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Speaker of the House Mike Johnson, R-La., arrives to speak with reporters to discuss his proposal of sending crucial bipartisan support to aid Ukraine, Israel and Taiwan after weeks of inaction, at the Capitol in Washington, on April 17.J. Scott Applewhite/The Associated Press

One way to know that a congressional issue is truly serious is that the Speaker of the House of Representatives has given lawmakers, who prize their weekends at home, a Saturday deadline to review a piece of legislation. Another is that the Republicans are threatening to topple a Speaker of their own party over the issue. A third is that the Democrats are contemplating bailing out a Republican Speaker whose views on just about every subject – abortion, gay rights, climate change, the legitimacy of the election of Joe Biden – they find repellent.

And then there is the clincher: the tossing around of the names Neville Chamberlain and Winston Churchill, the principals in the run-up to the Second World War in Britain – an exercise that saw the unusual if not unprecedented phenomenon of former Republican Speaker Newt Gingrich, an accomplished partisan pugilist with a PhD in history, actually agreeing with a prominent Democrat, Minority Leader Hakeem Jeffries, on this occasion on the Churchill analogy.

The fight in the House that is spilling over to the weekend is really about five matters: funding for Ukraine and Israel, to be sure, but also over whether the Republicans, who already are into their second Speaker in fewer than seven months, will allow their own leader to lead; whether a small minority, in this case a set of right-wing rebels, will rule a chamber that for centuries has been the suzerainty of the majority; whether a slim Republican majority will have to depend on Democrats to pass vital legislation; and, of course, whether providing assistance to Ukraine is in the tradition of Churchill, who recognized that small steps of aggression can lead to bigger ones, or of Chamberlain, who at a 1938 summit with Hitler in Munich allowed a dictator to have his way, in that case over the Sudetenland in Czechoslovakia.

The Churchill versus Chamberlain matter is still a provocative essay question for a final exam in an undergraduate modern European history class. The other issues are important elements of a contemporary test of the American political system.

House rebels have indicated that they will proceed with toppling Speaker Mike Johnson, who – as he was in the successful effort to avert a government shutdown earlier this spring – is in the uncomfortable position of relying on House Democrats to pass important legislation. That new calculus prompted Representative Marjorie Taylor Greene, one of the principal Republican insurgents, to say, “You are seriously out of step with Republicans by continuing to pass bills dependent on Democrats.”

Mr. Johnson has vowed to press on – and, ultimately to survive the challenges to his leadership.

GOP Representative Thomas Massie has joined Ms. Greene in her determination to overthrow Mr. Johnson – enough support for the mutiny to prevail given the slim, one-vote cushion the Republicans will have for at least part of the remainder of the 188th Congress. (The size of the Republican majority will depend on vacancies and the resolution of special elections to fill them.)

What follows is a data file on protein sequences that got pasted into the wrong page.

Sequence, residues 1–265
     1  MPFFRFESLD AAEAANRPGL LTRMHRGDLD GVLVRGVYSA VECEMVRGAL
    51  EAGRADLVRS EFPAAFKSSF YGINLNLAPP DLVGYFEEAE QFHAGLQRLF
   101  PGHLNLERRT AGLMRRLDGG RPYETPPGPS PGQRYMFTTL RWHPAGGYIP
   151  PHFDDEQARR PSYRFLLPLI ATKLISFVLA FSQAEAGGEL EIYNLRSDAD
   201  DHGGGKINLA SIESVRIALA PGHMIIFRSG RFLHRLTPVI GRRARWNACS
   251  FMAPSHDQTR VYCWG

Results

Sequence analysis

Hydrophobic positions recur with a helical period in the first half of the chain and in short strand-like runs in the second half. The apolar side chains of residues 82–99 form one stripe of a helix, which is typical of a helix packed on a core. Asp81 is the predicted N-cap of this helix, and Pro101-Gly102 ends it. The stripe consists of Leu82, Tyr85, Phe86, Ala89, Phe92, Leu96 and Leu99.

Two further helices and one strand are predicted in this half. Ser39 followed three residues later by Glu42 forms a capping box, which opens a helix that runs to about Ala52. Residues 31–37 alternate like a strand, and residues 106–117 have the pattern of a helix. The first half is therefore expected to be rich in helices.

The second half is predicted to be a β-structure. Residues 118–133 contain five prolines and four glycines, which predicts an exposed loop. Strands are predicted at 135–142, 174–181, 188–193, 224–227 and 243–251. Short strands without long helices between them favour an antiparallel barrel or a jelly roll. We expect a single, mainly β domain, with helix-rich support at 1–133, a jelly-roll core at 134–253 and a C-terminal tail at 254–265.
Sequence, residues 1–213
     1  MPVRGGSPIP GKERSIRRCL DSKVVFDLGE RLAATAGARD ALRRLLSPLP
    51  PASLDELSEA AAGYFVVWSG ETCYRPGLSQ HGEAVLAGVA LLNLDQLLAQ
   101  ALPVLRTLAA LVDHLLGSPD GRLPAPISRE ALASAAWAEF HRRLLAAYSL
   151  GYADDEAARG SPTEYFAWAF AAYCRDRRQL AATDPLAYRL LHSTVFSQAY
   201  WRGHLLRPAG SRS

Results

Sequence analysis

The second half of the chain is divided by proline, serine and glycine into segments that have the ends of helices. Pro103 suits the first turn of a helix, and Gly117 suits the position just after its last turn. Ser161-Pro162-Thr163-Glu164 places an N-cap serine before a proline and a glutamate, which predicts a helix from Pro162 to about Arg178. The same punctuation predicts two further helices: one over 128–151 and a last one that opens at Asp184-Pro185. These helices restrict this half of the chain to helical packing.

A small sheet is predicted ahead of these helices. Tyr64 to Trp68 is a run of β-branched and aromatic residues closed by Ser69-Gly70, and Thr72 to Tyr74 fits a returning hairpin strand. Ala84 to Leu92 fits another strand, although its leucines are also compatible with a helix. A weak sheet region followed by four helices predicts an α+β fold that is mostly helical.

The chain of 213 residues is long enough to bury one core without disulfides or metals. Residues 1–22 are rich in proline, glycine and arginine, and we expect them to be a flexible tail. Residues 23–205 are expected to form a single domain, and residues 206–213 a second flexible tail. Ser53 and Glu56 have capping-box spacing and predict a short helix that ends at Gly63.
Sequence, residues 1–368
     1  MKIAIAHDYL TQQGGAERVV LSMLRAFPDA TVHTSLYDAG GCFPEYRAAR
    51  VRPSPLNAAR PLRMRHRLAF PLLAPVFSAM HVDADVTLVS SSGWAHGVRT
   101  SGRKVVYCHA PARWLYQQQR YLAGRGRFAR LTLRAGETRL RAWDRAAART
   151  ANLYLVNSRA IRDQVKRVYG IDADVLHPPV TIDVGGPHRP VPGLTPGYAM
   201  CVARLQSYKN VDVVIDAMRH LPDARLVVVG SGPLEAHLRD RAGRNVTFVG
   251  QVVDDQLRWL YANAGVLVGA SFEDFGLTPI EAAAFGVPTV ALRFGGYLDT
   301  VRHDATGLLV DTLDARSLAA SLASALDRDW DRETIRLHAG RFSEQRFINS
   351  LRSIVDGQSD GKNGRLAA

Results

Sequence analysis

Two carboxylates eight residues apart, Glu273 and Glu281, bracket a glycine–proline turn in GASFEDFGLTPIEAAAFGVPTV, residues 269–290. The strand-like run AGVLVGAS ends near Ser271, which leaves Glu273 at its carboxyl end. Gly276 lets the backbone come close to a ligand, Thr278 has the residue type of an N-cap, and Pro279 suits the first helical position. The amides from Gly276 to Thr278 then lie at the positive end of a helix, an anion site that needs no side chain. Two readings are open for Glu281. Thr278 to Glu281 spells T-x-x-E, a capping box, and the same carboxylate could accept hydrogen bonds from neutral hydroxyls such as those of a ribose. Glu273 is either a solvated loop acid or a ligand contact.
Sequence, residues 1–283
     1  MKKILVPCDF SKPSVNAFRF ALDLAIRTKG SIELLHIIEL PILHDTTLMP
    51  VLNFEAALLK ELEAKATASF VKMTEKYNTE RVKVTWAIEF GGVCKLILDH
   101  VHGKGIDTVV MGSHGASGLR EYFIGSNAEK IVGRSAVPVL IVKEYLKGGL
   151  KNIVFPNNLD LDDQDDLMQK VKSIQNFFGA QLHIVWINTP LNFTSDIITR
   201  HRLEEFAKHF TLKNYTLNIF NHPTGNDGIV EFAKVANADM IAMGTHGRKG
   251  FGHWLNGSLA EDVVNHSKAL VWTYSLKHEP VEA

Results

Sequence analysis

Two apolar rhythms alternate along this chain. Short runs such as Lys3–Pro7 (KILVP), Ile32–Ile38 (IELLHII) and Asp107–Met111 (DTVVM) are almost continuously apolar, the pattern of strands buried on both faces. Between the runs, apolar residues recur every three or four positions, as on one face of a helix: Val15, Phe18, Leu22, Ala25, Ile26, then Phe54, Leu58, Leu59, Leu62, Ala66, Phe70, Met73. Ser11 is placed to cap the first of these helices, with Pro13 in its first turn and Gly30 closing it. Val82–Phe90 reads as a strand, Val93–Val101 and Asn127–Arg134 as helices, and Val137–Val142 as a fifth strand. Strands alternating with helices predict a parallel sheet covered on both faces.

But if Mr. Jeffries and his Democrats ride to Mr. Johnson’s rescue – an unusual gambit but a possible, if not likely, one – he would be able to prevail, although the price for that rescue attempt may be high. The Democrats have yet to set that price.

There have been moments of upheaval and chaos in the House before. The selection of a House Speaker required 133 ballots over two agonizing months in 1855, when the chamber, and the country, were bitterly divided over states’ rights and slavery.

But generally, the House conducts its business in a far more controlled, disciplined way than the Senate – in large measure because of the strictness of the chamber’s rules and the prevailing notion that the House follows the inclinations of the majority and of the Speaker.

Now the House is in danger of taking on the character of the Senate – where minority rights are enshrined; where an individual lawmaker can hold up a presidential appointment or a piece of legislation with a mere signal of opposition; and where, even when filibusters – the longest one was 24 hours and 18 minutes, over the 1957 civil-rights bill by Senator Strom Thurmond, then a Democrat but later a Republican – are choked off, debate can continue for an additional 30 hours.

Amid all the debate about Churchill and Chamberlain in the past several days, none of the conservatives at the centre of the debate over providing some US$61-billion – the figure changes from time to time – in funding for Ukraine (and, not so incidentally, for providing additional aid for Israel) is quoting the 18th-century conservative icon Edmund Burke, who, in his remarks to his constituents in Bristol in 1774, a few months short of 250 years ago, said: “Parliament is not a congress of ambassadors from different and hostile interests … but parliament is a deliberative assembly of one nation, with one interest, that of the whole.”

Editor’s note: A previous version of this article incorrectly referred to Hakeem Jeffries as Majority Leader. He is Minority Leader of the U.S. House of Representatives. This version has been updated.

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